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Cocoa farmers tour Cadbury factory as part of sustainability scheme

The visit forms part of the company’s work in Ghana, from where cocoa for Cadbury chocolate has come for more than a century.

Cocoa farmers from Ghana have been given a glimpse of how their product turns into chocolate in the UK as part of a scheme to boost the sustainability of the supply chain.

The visitors from the west African country were given a tour of the Bournville factory, home of Cadbury, seeing how chocolate was prepared from cocoa beans, and products such as Roses and Dairy Milk bars were manufactured and packaged.

They were also given the opportunity to try their hand at chocolate-making in the “innovation kitchen”, part of the 250-people strong research and development unit where chocolate is invented.

The visit forms part of the company’s work in Ghana, from where cocoa for Cadbury chocolate has come for more than a century and where farmers are being helped to boost their yields and profits as part of the Cocoa Life sustainability scheme.

The programme, which partners with Fairtrade to verify farmers get a fair deal, is also funding community initiatives ranging from giving children bicycles to get to school to helping develop other businesses such as bakeries and soap-making.

It is part of a 400 million US dollar (£310 million) investment over 10 years in six countries by Cadbury-owner Mondelez International to secure future cocoa supplies,which are threatened by young people leaving the sector and climate change.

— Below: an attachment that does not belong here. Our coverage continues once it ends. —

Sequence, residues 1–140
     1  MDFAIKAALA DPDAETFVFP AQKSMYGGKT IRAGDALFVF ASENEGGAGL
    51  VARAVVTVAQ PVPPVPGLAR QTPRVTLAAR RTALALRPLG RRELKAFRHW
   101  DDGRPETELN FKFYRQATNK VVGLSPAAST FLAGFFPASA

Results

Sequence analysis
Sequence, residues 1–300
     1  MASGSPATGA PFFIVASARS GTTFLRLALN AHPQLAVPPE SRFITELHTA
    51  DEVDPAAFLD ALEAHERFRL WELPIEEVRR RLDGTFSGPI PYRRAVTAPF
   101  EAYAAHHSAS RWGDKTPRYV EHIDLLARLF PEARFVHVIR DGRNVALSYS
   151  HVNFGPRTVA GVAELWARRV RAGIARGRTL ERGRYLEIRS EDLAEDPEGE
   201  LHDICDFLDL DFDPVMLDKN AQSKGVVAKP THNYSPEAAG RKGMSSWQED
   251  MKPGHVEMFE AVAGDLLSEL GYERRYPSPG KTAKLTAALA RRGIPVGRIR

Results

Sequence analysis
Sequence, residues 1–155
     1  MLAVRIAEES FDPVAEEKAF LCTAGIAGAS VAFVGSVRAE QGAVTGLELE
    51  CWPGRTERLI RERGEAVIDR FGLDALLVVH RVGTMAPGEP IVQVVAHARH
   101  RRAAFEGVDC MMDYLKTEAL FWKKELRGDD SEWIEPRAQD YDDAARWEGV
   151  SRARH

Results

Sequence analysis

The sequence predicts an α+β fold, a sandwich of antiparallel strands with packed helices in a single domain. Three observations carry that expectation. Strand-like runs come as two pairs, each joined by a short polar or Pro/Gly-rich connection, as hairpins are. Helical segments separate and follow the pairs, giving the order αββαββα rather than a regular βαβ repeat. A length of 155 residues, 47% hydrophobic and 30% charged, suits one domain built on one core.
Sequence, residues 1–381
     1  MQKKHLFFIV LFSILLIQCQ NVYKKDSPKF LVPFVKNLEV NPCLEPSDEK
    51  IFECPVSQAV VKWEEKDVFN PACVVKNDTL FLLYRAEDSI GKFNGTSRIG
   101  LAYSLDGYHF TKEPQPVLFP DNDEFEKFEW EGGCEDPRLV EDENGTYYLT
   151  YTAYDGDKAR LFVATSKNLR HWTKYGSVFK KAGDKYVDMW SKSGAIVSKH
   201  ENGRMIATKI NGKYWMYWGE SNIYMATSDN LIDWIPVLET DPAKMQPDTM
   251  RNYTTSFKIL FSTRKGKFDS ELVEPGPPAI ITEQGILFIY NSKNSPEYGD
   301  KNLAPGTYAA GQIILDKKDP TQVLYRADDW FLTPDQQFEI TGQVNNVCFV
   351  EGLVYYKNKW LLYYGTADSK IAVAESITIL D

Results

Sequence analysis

The farmers said they would be encouraged to share what they had seen with their fellow cocoa growers back in Ghana.

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Cocoa beans in the Bournville factory (Marie Hill/PA )

Ohene Boafo, a cooperative union president and cocoa farmer who has seen yields improve dramatically in the last few years, said: “It’s really amazing, because I’ve seen what the cocoa is used for, I’ve seen how it’s manufactured.

“I’ve really enjoyed the visit, it’s good to see the thing we’ve produced.

“I will go back and educate my colleague farmers to prepare their farms well, to increase their farm size, to produce more cocoa.”

Yaa Amekudzi, country lead for Cocoa Life in Ghana, described the visit as “overwhelming”.

“You’re used to seeing your cocoa, you see the beans leaving the farm and then you see the end products on the shop shelf and you enjoy consuming the end products.

“Now I’ve seen all the work that goes into it, that goes into taking the bean, cleaning, taking away the husk, so many processes before it becomes chocolate, and how it’s being wrapped and boxed.

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Chocolate bars on the production line (Marie Hill/PA)

“It makes you appreciate the chocolate, actually to see the long process, to see that the beans end up in the factory and chocolates or cocoa products are made.

“It’s encouraging to take the stories back to the farms.”

She said Cocoa Life was empowering farmers in Ghana, training them in good agriculture and environmental practices and addressing community issues and delivering opportunities such as better education for the children.

“If you are able to deliver all these things, it will see transformational change that these farmers need. All these farmers that we are working with have seen a transformation,” she said.

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